“At those times, typically the UK has been moving at a different rhythm to Asia Pacific,” Hassan said. “For example, the Global Financial Crisis hit the West harder than the East and presented an opportunity to invest further afield, often for the first time for Asian groups. Likewise, Brexit was something very specific to the UK, which presented one-off opportunities at a time when many Asian investors were very well capitalised.”

This time around, it is a largely interest-rate-led tightening of the market on a global basis, and with many Asian investors already holding existing portfolios in the UK and Europe or domestic portfolios that have lost value, there is less agility to capitalise on lower London prices, Hassan said.

“It’s worth remembering that APAC covers a very wide region and each market has its own dynamics,” he said. “So we haven’t seen much activity from Korea, although there are signs that may start to change in the second half of the year or in 2025, while there are capital controls in China relating to outbound investment, for example.

“Additionally, there has been a lot of negative sentiment around offices globally, and when you couple this with uncertainty about whether pricing has reached the bottom, it is not surprising that we aren’t seeing a flood of investment.”

However, he said the mood toward offices is changing to the positive and some U.S. private equity capital has been bidding and buying in London again.

“Although it’s very early days, it doesn’t take much to start building momentum,” Hassan added.

He pointed to a lack of transactions with APAC investors as also impacted by a lack of suitable opportunities being offered by owners. And when prime assets have been marketed, there has been good engagement and in some cases trades to APAC groups, particularly the largest assets.

Dark clouds remain over the office market, traditionally a major attraction for Asian capital.

“For vendors, the situation is very different to previous dips, with far more equity typically invested in properties, which incentivises owners to refinance or add more capital if they get close to covenant breaches, especially if the market is perceived as being at or around the bottom, so that they can sell during more favourable conditions in the future,” Hassan said.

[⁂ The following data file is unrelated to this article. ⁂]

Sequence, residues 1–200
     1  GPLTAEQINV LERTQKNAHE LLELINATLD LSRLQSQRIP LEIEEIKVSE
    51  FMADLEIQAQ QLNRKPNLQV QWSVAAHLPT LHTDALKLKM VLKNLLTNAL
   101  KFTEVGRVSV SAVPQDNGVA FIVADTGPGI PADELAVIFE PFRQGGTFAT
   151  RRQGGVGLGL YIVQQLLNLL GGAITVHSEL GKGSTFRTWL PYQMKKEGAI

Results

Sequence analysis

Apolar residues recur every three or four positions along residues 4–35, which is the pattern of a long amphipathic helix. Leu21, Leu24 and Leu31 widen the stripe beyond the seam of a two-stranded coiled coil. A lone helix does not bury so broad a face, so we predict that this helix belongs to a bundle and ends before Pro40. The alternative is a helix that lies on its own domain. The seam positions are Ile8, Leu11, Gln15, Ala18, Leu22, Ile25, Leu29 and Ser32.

CBRE Managing Director and Head of European Capital Markets Chris Brett said the lack of headline deals this time around also reflects more maturity in Asia-based capital deployment.

“It’s a more nuanced picture,” Brett said. “In the past, Asian investment was often new capital and came in to acquire very specific projects, and that tended to grab the headlines. But many of these investors now have very established funds based in the UK and Europe.” 

Those major names include Singapore’s sovereign wealth fund, GIC/Tomasek, ARA China, Singapore’s Mapletree Capital, Frasers Property and CapitaLand, Japan’s Mitsui Fudosan, and China Investment Corporation, many of which have London offices.

“Right now it’s more of an evolution with their businesses in the UK. They have proven that they are here to stay,” Brett said. “More generally, market investment sentiment is very sector-led. Anything in the living sector is performing well, and retail across Europe is an intriguing space, and we have seen some major deals in that sector this year.”

That point is emphasised by Singaporean private equity and real estate investment trusts, which have made several hotel acquisitions in 2024. This month, private equity firm Prima Asset Management acquired the 68-room Victoria Garden Hotel at 100-102 Westbourne Terrace, Paddington, for an undisclosed sum in its first venture into the London market.

Meanwhile, fellow Singapore-based Copthorne Hotel Holdings, a division of City Developments, acquired the Hilton Paris Opéra for €240M. In February, another Singaporean firm, Sun Venture, bought the 280-room Hyatt Place London City East.

However, for every new entrant or acquisition, there seems to be another Asia-headquartered real estate fund divesting London assets, and the office market, which has typically been a driver of London’s investment dynamics, remains the most challenged sector.

“The office market in 2024 looks like it will be much the same as 2023,” Brett said. “The best buildings in the top cities are attracting premium rates, and there is still capital in the market. But volumes are not rebounding.”

UPDATE, JUN. 20, 10:01 A.M. ET: This story was updated with the Bank of England's June interest rates decision.

Related Topics: GIC, Savills UK, Bei Capital Partners